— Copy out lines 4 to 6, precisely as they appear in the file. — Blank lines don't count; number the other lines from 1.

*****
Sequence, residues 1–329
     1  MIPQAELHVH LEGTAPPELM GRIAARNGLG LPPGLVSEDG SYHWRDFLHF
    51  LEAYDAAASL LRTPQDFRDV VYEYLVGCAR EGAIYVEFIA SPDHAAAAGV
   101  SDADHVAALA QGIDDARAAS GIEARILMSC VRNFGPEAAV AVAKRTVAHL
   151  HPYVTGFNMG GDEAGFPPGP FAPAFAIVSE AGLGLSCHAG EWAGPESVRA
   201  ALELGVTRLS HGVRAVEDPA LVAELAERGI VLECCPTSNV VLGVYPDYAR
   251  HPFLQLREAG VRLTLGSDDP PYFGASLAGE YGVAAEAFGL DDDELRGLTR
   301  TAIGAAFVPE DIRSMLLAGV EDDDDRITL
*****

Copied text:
   101  SDADHVAALA QGIDDARAAS GIEARILMSC VRNFGPEAAV AVAKRTVAHL
   151  HPYVTGFNMG GDEAGFPPGP FAPAFAIVSE AGLGLSCHAG EWAGPESVRA
   201  ALELGVTRLS HGVRAVEDPA LVAELAERGI VLECCPTSNV VLGVYPDYAR